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Fraudsters try to divert money from legit real estate deals

Scammers are finding ways to profit from real estate fraud even beyond posing as owners to sell their property.

Last year, the FBI reported that criminals were posing as parties to ongoing, legitimate real estate transactions to steal sales proceeds.

Once a deal reaches the point where money begins changing hands, criminals insert themselves in the process and direct funds to their accounts, typically by sending an email that appears to be from a title company, real estate firm or other interested party, the report said.

People at all levels of a transaction have reported this kind of activity, including law firms, real estate agents, buyers and sellers.

As the FBI noted, the loss of these funds is “potentially catastrophic for the victims and their families.”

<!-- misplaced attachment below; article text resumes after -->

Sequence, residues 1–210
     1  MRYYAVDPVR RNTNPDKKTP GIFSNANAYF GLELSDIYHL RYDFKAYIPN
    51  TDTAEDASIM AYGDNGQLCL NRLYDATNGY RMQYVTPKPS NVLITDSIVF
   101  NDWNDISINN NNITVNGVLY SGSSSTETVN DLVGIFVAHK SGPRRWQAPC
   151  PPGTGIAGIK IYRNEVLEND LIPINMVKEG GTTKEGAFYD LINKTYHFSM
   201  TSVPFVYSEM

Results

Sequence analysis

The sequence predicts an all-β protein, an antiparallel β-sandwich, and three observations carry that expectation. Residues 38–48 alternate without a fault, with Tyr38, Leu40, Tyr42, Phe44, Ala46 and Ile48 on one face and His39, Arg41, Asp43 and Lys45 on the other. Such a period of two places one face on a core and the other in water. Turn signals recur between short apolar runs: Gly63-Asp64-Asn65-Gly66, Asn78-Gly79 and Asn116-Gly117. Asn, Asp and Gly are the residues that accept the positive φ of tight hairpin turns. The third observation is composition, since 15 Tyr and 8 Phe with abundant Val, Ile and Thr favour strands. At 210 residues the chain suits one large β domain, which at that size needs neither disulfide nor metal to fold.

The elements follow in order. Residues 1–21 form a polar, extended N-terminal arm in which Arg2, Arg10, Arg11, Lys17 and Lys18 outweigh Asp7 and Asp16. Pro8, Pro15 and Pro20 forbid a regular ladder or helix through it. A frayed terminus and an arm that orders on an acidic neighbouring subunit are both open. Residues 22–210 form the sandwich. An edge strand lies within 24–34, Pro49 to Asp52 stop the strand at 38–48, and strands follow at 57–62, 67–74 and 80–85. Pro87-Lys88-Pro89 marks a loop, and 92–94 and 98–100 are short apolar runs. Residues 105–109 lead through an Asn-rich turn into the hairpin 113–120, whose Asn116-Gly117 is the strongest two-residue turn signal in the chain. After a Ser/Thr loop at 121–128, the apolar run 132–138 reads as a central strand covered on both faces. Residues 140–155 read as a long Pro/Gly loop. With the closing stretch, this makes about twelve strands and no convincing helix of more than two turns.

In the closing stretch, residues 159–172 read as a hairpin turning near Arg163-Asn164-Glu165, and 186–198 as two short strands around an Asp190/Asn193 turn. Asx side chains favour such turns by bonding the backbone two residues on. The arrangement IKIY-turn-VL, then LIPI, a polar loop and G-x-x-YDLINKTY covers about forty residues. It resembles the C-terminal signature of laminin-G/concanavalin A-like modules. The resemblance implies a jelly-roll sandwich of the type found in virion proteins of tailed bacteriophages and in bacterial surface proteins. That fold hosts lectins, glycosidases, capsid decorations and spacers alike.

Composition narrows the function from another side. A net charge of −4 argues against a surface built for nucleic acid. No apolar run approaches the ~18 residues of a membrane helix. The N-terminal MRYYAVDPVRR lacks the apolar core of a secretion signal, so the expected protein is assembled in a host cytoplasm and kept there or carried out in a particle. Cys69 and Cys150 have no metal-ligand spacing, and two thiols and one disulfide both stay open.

According to the bureau’s Internet Crime Report, victims of real estate crime reported nearly $397 million in losses last year, up from $350.3 million in 2021 and $213.2 million in 2020.

The U.S. Treasury Department’s Financial Crimes Enforcement Network reported in March that “individual homebuyers suffer disproportionately” from so-called business email compromise in the real estate sector.

Sarah Alwine, supervisory special agent of the FBI’s Las Vegas cyber squad, said people can go online to find a house for sale, determine the owner’s identity and then find their email address and phone number, letting them easily assemble a dossier on a potential victim.

A scammer might send the sellers a text message designed to look like it’s from their listing agent, instructing them to send over account information.

It may not sound right, but since it’s from the agent they’ve been working with, they do it, she said.

Contact Eli Segall at esegall@reviewjournal.com or 702-383-0342. Follow @eli_segall on Twitter. Segall is a reporter on the Review-Journal’s investigative team, focusing on reporting that holds leaders, businesses and agencies accountable and exposes wrongdoing.

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